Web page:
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Re: Further observations regarding alloca on i586-pc-linux-gnu
- To: Martin von Loewis <martin at mira dot isdn dot cs dot tu-berlin dot de>, rth at cygnus dot com
- Subject: Re: Further observations regarding alloca on i586-pc-linux-gnu
- From: Richard Henderson <rth at cygnus dot com>
- Date: Sun, 23 Aug 1998 15:57:04 -0700
- Cc: carlo at runaway dot xs4all dot nl, egcs-bugs at cygnus dot com, pommnitz at darmstadt dot gmd dot de, egcs at cygnus dot com
- References: <firstname.lastname@example.org> <199808221724.TAA14230@jolan.ppro> <19980823043600.A4080@dot.cygnus.com> <199808231820.UAA00204@mira.isdn.cs.tu-berlin.de>
- Reply-To: Richard Henderson <rth at cygnus dot com>
On Sun, Aug 23, 1998 at 08:20:05PM +0200, Martin von Loewis wrote:
> > Note that the exact same effect would happen if alloca was not a
> > builtin.
> No, it wouldn't. The portable alloca would not reclaim the memory
> until the next alloca call, and then only if the previous call was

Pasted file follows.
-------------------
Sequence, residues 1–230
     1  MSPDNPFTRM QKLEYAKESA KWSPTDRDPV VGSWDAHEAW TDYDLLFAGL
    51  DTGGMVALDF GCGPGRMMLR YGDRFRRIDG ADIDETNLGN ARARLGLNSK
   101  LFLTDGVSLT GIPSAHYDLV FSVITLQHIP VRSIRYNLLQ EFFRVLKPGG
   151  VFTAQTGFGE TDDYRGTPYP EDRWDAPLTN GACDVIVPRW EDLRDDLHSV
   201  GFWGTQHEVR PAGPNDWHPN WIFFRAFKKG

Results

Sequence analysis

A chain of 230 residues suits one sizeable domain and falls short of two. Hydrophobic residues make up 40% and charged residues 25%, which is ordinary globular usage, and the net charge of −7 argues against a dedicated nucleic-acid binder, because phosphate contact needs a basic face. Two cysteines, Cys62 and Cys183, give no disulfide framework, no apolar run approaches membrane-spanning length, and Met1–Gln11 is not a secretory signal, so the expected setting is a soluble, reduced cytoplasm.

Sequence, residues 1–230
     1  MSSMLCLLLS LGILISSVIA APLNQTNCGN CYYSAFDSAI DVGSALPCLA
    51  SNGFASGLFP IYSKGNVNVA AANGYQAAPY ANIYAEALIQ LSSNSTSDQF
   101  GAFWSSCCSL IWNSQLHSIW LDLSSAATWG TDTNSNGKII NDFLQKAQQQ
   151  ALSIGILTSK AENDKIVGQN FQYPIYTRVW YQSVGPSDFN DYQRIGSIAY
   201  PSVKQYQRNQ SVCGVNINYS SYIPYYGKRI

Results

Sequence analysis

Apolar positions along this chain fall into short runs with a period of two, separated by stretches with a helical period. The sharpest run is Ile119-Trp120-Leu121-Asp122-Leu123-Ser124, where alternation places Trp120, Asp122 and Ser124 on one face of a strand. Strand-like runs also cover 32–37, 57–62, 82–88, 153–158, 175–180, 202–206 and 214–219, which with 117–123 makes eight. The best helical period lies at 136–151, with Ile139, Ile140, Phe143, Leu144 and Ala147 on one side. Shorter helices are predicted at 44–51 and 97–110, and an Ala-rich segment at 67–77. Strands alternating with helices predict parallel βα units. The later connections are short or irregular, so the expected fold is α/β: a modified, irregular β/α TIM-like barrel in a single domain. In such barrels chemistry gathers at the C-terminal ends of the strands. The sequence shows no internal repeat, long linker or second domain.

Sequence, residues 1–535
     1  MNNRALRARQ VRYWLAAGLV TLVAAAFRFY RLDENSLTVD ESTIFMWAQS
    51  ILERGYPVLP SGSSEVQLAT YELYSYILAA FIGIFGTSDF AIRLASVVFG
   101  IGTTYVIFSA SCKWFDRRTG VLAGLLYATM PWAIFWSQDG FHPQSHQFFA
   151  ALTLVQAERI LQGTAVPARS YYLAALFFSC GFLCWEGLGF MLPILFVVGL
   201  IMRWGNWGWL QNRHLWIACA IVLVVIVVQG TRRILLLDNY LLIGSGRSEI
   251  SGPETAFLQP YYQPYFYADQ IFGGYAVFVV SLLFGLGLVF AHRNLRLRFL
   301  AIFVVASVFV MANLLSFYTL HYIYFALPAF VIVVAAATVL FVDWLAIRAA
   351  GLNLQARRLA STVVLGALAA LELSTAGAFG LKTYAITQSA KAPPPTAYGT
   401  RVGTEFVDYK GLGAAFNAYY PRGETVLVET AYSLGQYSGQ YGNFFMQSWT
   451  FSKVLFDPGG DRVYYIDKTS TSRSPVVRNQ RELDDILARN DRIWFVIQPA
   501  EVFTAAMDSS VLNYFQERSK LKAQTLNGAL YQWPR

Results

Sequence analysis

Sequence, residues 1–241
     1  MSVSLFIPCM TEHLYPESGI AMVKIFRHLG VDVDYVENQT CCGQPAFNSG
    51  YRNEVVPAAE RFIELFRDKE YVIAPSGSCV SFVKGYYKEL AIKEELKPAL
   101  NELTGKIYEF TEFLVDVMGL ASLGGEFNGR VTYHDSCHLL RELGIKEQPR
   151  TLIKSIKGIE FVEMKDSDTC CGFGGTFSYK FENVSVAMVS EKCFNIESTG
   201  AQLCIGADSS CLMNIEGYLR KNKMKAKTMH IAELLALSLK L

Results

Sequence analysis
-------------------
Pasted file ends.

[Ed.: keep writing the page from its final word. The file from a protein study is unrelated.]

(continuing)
> deeper on stack.
No no, I meant the olde tyme non-portable alloca. You know:
alloca: popl %edx
subl %eax, %esp
movl %esp, %eax
> > Note that if you mind sequence points like you ought, you get
> > correct results.
> The original example was using alloca as a default argument. It seems
> that g++ currently does not support that, an alloca call must occur as
> a full expression in itself, not inside a full expression.
"Full expression" isn't a term I'm familiar with. Besides,
(tmp = alloca(n), foo(tmp, blah));
works just fine. It seems that alloca must be the first thing
after a sequence point. How to enforce or even warn about this
I have absolutely no idea.